Personal injury claims in which children are the claimants are handled differently from those involving adults. Here are four important things you should know when your child is injured in an accident:
#1 - The Court May Have to Approve Any Settlement
Legally, being a child is equitable to being disabled, and there is a risk that a disabled person may be taken advantage of during negotiations. Therefore, the potential settlement award may need to be approved by the court, even if it is an out-of-court settlement.
This is likely to be the situation in claims involving large sums of money. The court has to rubber-stamp the agreement to ensure that it is in the best interest of the child.
#2 - Parents Keep the Compensation for Medical Bills
It is the parents' responsibility to take care of their children's medical care, which includes settling hospital bills. In fact, failure to do so is considered child neglect, and may attract criminal charges. It follows, therefore, that a child cannot include medical bills among the damages when pursuing an accident claim. It is the parents who get to do that, and keep the corresponding settlement.
#3 - The Child Receives the Funds at Age Eighteen
Even the settlement money that the child gets to keep may not be his or hers until she attains adulthood. In many jurisdictions, the money is deposited with the Clerk of the Court while the child is still growing. This is likely to be the situation with large sums of money.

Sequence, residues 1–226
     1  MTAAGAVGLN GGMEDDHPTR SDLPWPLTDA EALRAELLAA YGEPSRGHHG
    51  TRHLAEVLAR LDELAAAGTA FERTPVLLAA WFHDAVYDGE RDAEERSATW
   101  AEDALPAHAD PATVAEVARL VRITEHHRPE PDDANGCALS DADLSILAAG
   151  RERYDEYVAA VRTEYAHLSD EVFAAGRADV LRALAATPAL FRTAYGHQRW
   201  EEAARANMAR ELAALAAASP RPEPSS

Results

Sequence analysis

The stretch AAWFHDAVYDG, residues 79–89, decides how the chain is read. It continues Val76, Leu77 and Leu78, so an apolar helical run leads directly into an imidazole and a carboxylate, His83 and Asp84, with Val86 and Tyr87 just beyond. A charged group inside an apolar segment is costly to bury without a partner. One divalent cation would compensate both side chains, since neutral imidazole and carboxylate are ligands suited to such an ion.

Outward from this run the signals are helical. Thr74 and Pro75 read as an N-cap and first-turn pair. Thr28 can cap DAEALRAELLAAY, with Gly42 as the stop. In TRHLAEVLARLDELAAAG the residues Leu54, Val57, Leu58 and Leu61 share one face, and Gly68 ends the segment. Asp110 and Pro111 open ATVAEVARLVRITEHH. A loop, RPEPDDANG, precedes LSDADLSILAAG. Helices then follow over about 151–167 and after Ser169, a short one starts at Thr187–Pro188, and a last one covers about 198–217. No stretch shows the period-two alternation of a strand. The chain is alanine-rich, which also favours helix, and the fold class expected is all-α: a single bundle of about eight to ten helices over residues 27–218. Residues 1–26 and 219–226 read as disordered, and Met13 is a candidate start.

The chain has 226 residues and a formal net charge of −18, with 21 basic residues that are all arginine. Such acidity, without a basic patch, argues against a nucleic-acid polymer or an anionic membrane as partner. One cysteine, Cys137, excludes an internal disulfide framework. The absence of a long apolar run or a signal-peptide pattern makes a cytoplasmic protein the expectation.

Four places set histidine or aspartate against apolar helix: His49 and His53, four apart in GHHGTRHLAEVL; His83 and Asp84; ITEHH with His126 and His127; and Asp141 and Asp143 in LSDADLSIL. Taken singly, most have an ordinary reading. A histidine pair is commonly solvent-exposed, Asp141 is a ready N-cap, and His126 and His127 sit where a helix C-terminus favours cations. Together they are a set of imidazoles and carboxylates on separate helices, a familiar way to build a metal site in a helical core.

The law favors this approach because it prevents the parents from using the money for their expenses. The child may need the settlement when he or she grows up; for example, if he or she is disabled and cannot earn much in terms of employment. The court may allow limited withdrawals, usually in the form of structured payments, if the parents need it for the child's upkeep.
#4 - An Adult Must File the Lawsuit
If your child is injured in an accident, then he or she cannot file her own lawsuit until he or she becomes an adult. If the lawsuit has to be filed when the child is still a minor, then it is the "next friend's" prerogative to do it. The next friend can be a parent, parents, a guardian or any other suitable adult. This is because the law considers a child to be incapacitated, and such a person cannot file a lawsuit.
It is clear that personal injury suits involving children are markedly different from those of adults. Therefore, it is prudent to approach them cautiously so as not to jeopardize the child's potential settlement. As usual, consulting an experienced attorney will help you to chart the way forward. To learn more, contact a company like Bare Law Firm.Share